I think the point was more that Watt has only played for two years...

14
by RickD :: Wed, 07/24/2013 - 1:24am

We understand the point. It's a weird point.

You know, Tom Brady has more career yards rushing than RG3.

(Actually, he doesn't. But it's close.)

25
by Pat (filler) (not verified) :: Thu, 07/25/2013 - 10:49am

Why is it weird? Not worded that great, I'll give you that, but people use those kind of comparisons all the time.

To use your example, with better wording it would be "RG3 has more career yards rushing than Tom Brady has in his entire career."

Better wording for this example would be "Watt has more tipped passes than anyone in the league in the two years he's played. For that matter, he has more tipped passes in his two years than all but two players have had in their last five."

12
by Theo :: Tue, 07/23/2013 - 7:30pm

Yes and Chad Henne beats Cam Newton in Passing Yards and Pass Touchdowns.

Sorry for piling up, I just wanted to check this out.

13
by Thok :: Wed, 07/24/2013 - 12:44am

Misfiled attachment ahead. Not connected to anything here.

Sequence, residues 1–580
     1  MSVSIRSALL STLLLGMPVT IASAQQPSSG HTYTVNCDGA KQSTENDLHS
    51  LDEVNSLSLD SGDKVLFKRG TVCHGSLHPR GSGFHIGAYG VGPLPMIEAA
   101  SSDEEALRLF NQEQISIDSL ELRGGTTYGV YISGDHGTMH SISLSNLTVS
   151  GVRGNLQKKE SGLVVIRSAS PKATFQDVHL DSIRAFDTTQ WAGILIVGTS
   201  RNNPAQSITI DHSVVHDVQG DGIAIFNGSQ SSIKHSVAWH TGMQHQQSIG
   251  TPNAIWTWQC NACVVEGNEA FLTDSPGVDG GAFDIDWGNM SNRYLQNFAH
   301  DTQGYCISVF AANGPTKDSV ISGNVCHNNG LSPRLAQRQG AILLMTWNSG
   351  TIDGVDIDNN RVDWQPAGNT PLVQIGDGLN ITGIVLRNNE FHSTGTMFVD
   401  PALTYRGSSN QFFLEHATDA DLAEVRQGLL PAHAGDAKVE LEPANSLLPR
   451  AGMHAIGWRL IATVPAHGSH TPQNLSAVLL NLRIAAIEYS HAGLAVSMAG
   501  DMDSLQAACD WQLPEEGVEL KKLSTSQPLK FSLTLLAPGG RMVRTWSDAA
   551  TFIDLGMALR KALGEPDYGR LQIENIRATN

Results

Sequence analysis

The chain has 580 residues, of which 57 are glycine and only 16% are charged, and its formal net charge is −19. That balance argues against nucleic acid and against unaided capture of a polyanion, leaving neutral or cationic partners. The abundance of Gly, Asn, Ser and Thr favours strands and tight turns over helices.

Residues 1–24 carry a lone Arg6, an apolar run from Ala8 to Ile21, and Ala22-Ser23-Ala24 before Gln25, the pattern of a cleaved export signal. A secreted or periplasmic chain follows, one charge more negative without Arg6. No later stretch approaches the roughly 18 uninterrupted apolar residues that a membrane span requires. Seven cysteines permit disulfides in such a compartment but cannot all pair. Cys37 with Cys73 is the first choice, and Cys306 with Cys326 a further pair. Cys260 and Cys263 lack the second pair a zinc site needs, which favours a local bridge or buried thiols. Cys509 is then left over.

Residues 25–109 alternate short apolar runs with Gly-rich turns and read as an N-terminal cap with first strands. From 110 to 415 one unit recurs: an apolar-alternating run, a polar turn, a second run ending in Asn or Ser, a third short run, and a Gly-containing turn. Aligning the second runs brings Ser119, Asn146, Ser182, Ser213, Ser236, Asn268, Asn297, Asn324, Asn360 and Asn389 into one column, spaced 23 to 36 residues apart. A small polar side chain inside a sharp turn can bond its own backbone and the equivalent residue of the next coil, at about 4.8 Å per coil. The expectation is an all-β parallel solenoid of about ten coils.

It's plausible that tipping passes is the football equivalent of getting hit by a pitch: almost nobody has that skill, but the few who are actually good at it are consistently good at it.

Frankly, I'd just predict Watt will tip some nontrivial number of passes (13? 17? 23?) and take it for granted you've gotten the exact number wrong.

15
by Bowl Game Anomaly :: Wed, 07/24/2013 - 10:26am

There is some evidence that implies that drawing pass-interference penalties is a similar type of skill- rare but real. I remember reading a few years ago on this very website that Donald Driver (I think) was consistently among the league leaders in PI drawn. Forcing fumbles may be another one. (Edit: Forced fumbles by non-pass-rushers, I should say. Obviously pass rushers tend to force fumbles in the course of hitting QBs. But I'm talking about guys like Charles Tillman, Brian Dawkins, Greg Lloyd, and maybe Charles Woodson.)

21
by Jerry :: Wed, 07/24/2013 - 6:13pm

Greg Lloyd? He was a ROLB who rushed the passer a lot.

22
by Bowl Game Anomaly :: Wed, 07/24/2013 - 7:00pm

Yeah Lloyd is probably not the best example, although his ratio of forced fumbles to sacks is crazy high.

18
by Aaron Brooks Go... :: Wed, 07/24/2013 - 12:27pm

The difficulty is that it could go either way.

Greg Hardy's career goes 1-11-2 in tipped passes.

20
by CK (not verified) :: Wed, 07/24/2013 - 2:41pm

"Roughly 24% more likely". Take another look - that's not how percentages and ratios work and this mistake far undersells the unlikelihood of this happening again. It's actually pretty easy to believe that something could happen for a second year in a row at a rate 24% above league average, but in fact the Texan's interception rate on Watt's deflections is much much higher than that. So here is the remedial math: